Indonesian prosecutors sought the death penalty on Friday for the leader of a local pro-Islamic State group accused of playing a key role in the January 2016 bombings in Jakarta that killed eight people, including four attackers.
Aman Abdurrahman, 46, a radical cleric and key Islamic State figure in the country, is "legally and convincingly guilty of committing terror acts" including other attacks in 2016 and 2017, prosecutor Anita Dewayani argued during a two-hour hearing at the South Jakarta District Court.
"We request the judicial panel to sentence him to death," the prosecutor said in a packed courtroom as counterterrorism policemen and snipers guarded the court compound in the wake of a string of suicide bomb attacks in the country's second-largest city, Surabaya, early this week.
The Jan. 14, 2016, attacks, including bombings at a Starbucks outlet and a traffic police post, killed a Canadian and three other civilians, while leaving 26 people injured.
More than 40 people have been arrested in connection with the attacks -- most of them members of Jamaah Ansharut Daulah, the Islamic State-linked group set up by Aman.
(Police stand guard near the blast site after a series of explosions in Jakarta in January 2016)
Prosecutors allege Aman incited others to launch terror attacks, including the Jakarta attacks, through the "preachings he made via video call" from prison and "a book he wrote about tawhid," or the oneness of God.
Anita cited testimony from experts who said that because of his expertise in Arabic and his frequent quoting from Islamic books written in Arabic, his followers believed he always told the truth.
"Experts categorized him as an 'ideologist' because he can influence others and determine what others, including other inmates in prison, should do," the prosecutor said.
Anita claimed Aman also told his followers that if they cannot fight for Islamic State in Syria and Iraq, they should do it in "their places" of living.
Besides the Jakarta bombings, prosecutors allege Aman's involvement in four other terror attacks, including a bombing at a church in the East Kalimantan provincial capital of Samarinda in November 2016 in which a two-year-old girl was killed and five other children suffered serious burns.
He also allegedly provoked his followers to carry out bombings at the Kampung Melayu public bus terminal in East Jakarta in May last year that claimed the lives of three police officers.
Aman's trial started in mid-February, six months after he completed a prison term for a previous terrorism conviction, only for him to be arrested again upon release.
His sentence had been commuted on the occasion of the country's Independence Day.
In the series of suicide bombings in the East Java provincial capital of Surabaya, two families blew themselves up at three churches and a local police headquarters.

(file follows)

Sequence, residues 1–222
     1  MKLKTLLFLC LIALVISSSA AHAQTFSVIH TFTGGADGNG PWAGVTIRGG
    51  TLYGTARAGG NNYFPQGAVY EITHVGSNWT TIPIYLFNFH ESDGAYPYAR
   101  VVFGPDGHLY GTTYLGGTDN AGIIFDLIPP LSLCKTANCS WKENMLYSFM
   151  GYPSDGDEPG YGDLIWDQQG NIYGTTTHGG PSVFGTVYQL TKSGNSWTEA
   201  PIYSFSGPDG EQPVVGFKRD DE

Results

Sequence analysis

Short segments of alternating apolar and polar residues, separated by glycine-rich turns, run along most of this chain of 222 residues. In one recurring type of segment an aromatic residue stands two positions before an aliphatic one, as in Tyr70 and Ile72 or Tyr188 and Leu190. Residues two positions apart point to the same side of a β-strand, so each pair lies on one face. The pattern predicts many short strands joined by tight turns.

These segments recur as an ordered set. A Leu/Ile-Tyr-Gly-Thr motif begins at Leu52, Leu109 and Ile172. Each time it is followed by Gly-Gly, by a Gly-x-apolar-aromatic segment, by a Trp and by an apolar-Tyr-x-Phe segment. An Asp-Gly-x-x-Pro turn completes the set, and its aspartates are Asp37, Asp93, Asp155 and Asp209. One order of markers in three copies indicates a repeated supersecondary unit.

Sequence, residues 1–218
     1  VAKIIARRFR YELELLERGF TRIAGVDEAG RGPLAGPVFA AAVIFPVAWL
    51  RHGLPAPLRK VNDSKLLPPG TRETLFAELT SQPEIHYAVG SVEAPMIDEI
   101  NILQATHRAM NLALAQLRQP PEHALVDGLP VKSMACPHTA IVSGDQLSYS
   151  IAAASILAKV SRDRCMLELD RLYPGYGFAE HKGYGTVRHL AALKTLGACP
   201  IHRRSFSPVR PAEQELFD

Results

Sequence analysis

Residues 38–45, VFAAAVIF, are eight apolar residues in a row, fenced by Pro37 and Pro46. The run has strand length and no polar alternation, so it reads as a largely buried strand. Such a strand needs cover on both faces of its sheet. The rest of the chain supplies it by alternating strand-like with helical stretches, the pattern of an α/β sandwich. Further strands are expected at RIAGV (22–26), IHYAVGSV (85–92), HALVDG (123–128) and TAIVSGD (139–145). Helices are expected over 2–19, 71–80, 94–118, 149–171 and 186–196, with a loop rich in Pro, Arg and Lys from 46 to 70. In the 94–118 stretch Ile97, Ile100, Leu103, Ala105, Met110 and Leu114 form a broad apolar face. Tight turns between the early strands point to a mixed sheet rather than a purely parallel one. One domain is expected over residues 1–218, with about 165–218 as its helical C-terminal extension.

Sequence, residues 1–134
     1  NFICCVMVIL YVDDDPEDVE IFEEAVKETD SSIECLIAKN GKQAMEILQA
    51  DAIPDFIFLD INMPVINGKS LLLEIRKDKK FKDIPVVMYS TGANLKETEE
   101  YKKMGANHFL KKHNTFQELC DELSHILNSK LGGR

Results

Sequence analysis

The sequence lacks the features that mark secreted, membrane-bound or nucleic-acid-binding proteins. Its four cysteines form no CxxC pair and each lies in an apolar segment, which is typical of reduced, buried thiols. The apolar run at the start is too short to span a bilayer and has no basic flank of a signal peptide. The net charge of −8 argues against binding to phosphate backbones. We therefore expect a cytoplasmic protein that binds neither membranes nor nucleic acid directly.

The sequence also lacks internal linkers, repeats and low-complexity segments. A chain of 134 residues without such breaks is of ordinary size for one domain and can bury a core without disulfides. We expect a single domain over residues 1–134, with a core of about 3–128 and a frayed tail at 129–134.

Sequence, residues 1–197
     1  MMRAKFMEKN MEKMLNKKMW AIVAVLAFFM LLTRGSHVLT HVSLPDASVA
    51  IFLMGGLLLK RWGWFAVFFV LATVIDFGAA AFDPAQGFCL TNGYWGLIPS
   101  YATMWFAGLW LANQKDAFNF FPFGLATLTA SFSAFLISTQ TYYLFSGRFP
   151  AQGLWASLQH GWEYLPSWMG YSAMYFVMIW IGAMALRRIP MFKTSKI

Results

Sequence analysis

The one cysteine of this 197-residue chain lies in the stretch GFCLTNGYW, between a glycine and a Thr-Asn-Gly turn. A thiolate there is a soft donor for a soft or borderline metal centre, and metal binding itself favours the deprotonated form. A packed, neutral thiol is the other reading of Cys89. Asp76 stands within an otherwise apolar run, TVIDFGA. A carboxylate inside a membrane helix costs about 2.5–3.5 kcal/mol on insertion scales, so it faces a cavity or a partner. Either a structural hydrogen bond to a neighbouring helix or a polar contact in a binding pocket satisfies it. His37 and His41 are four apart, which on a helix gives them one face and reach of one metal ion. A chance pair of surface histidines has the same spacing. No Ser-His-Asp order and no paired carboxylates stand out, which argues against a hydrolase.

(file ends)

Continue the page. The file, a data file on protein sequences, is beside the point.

The fathers of the two families, and the father of another family alleged to have been making bombs for a similar suicide attack, had met Aman on the Nusakambangan prison island off the southern coast of Java Island, on Jan. 19, 2016, according to a source at the National Counterterrorism Agency.
Aman is also known to have had a hand in the Muslim extremist insurgency that engulfed the southern Philippine city of Marawi last year.
In June last year, from his prison cell, he instructed group members to join forces with Islamic State-linked militants battling with Philippine soldiers and police in the then besieged city, according to National Counterterrorism Agency chief Suhardi Alius.
Aman was earlier sentenced to seven years in prison in 2004 for a failed terror plot in Depok in the suburbs of Jakarta.
While in prison, he met Abu Bakar Bashir, spiritual leader of al-Qaida's Southeast Asia splinter group Jemaah Islamiyah, who was then serving time for terrorism.
(People mourn neart the site of an explosion in Jakarta.)
Aman was released from jail in 2008 after receiving remission for good behavior. Soon after his release, he collaborated with Bashir to form an Islamist training camp in Aceh Province in the northern part of Sumatra Island in 2010 that united different factions of terrorist groups.
His involvement in the Aceh camp landed Aman in jail again in December that year. He was sentenced to nine years in prison for financing the camp, while Bashir got 15 years.
Since late 2016, he had been held in solitary confinement at the Nusakambangan prison in a bid to curb his influence beyond prison walls.
After his imprisonment, Aman allegedly delegated the leadership of Jamaah Ansharut Daulah to Zainal Anshori, who was sentenced to seven years in prison on Monday for procuring weapons from the southern Philippines for terror attacks in Indonesia.